Basic operations of dereferencing and assignment for explicit pointers are easy to define. Dereferencing corresponds to reading the pointer's designated values and assignment means writing to the pointer's designated memory location.
In order to use notations reminiscent the traditional Pascal usage, we define dereferencing as a prefix operator named !^, and assignment as the infix operator ^:=.

let ( !^ ) = function
  | Null -> invalid_arg "Attempt to dereference the null pointer"
  | Pointer r -> !r;;
val ( !^ ) : 'a pointer -> 'a = <fun>

let ( ^:= ) p v =
 match p with
 | Null -> invalid_arg "Attempt to assign the null pointer"
 | Pointer r -> r := v;;
val ( ^:= ) : 'a pointer -> 'a -> unit = <fun>

We also have to define the allocation of a new (fresh) pointer, initially pointing to a given value:

let new_pointer x = Pointer (ref x);;
val new_pointer : 'a -> 'a pointer = <fun>

For instance, let's define and then assign a pointer to an integer:

#let p = new_pointer 0;;
val p : int pointer = Pointer (ref 0)
#p ^:= 1;;
- : unit = ()
- : int = 1

Integer Lists

The definition of lists with explicit pointers involves the recursive definition of two types: the cell type that describes the contents of lists' cells and the ilist type that describes lists as explicit pointers to the initial cell of the designated list (this is just mimicking the classical encoding of lists in usual imperative languages):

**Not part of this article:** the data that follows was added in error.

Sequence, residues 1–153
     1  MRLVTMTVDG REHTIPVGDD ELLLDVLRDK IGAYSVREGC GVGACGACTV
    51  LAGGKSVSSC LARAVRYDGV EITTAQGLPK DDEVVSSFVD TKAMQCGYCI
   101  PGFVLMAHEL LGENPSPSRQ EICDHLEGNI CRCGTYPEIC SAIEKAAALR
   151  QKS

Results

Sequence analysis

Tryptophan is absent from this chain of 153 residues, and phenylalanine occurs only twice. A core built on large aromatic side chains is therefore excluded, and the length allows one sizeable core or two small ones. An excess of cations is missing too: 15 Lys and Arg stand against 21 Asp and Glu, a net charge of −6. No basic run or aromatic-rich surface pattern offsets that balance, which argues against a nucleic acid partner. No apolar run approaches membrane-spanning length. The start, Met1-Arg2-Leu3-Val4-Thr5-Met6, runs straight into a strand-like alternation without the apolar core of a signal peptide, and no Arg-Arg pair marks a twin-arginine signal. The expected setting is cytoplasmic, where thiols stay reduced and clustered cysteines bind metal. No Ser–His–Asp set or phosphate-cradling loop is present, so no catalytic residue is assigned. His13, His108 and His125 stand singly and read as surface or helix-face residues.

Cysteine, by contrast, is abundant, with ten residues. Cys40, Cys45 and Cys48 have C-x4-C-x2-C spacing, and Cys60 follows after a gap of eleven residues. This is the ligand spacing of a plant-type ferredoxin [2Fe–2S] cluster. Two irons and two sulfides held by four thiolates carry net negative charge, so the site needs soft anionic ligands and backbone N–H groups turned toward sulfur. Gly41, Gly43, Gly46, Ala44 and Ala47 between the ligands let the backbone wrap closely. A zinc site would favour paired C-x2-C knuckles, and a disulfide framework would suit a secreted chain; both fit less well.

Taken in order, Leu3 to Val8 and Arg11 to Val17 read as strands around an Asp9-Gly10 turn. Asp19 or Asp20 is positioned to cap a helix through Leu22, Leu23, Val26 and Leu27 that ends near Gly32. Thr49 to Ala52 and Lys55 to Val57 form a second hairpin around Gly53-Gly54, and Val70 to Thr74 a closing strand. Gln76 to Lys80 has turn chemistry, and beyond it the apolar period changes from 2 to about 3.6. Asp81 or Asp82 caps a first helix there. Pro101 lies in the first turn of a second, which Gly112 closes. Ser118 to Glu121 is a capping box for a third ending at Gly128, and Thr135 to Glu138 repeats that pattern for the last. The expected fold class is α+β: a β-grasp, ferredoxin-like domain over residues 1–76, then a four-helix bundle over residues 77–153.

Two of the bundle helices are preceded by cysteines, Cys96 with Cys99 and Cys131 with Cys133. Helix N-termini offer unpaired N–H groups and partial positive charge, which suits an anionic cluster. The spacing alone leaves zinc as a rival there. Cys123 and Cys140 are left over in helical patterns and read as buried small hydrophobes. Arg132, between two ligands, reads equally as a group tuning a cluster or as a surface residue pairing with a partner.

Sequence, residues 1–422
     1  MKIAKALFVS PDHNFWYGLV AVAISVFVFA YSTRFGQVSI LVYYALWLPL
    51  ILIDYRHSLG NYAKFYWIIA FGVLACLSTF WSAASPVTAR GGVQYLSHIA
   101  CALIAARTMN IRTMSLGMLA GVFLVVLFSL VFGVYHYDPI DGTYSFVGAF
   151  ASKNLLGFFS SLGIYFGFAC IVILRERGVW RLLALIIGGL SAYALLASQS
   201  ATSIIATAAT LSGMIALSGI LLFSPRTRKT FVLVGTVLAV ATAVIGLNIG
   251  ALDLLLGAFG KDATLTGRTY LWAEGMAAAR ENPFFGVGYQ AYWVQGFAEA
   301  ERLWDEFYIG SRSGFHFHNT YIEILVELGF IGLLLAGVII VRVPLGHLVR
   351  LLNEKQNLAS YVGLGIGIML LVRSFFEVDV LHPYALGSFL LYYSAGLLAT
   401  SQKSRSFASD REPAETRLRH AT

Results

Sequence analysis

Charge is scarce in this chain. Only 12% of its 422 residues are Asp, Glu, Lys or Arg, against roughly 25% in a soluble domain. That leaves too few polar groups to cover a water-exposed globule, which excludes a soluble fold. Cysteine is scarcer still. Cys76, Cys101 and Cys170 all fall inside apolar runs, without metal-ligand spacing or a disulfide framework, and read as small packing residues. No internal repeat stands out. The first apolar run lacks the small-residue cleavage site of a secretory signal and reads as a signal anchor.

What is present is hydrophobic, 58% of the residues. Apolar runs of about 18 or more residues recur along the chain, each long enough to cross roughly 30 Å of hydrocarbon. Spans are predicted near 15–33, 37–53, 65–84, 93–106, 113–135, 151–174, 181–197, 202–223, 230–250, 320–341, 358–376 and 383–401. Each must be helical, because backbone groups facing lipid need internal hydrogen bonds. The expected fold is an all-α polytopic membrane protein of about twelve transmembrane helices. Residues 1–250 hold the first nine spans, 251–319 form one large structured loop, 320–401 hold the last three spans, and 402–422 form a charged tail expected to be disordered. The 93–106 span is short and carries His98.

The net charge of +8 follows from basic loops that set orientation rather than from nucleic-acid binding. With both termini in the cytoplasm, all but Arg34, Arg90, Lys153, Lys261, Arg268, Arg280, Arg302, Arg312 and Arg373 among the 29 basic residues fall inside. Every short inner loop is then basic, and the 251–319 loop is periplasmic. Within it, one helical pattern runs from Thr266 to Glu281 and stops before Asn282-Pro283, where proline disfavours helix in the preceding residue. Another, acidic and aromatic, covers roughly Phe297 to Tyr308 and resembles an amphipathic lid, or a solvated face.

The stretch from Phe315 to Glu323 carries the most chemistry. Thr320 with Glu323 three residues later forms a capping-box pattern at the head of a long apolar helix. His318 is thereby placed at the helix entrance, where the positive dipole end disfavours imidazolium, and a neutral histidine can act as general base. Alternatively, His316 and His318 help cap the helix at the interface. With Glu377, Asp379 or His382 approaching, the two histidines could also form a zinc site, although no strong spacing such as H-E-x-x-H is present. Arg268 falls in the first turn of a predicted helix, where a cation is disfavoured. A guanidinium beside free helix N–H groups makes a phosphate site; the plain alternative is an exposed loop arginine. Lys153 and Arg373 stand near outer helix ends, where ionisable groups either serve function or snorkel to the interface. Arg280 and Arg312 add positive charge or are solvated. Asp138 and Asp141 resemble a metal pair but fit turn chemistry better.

(* The list type `` la Pascal'' *)
type ilist = cell pointer
and cell = {mutable hd : int; mutable tl : ilist};;

We also have to define allocation of a new cell, the list constructor, and its associated destructors.

let new_cell () = {hd = 0; tl = Null};;
val new_cell : unit -> cell = <fun>

let cons x l =
 let c = new_cell () in
 c.hd <- x;
 c.tl <- l;
 (new_pointer c : ilist);;
val cons : int -> ilist -> ilist = <fun>

let hd (l : ilist) = !^l.hd;;
val hd : ilist -> int = <fun>
let tl (l : ilist) = !^l.tl;;
val tl : ilist -> ilist = <fun>

We can now write all kind of classical algorithms, based on pointers manipulation, with their associated loops, their unwanted sharing problems and their null pointer errors. For instance, list concatenation, as often described in the literature on algorithms, physically modifies its first list argument, hooking the second list to the end of the first:

(* Physical append *)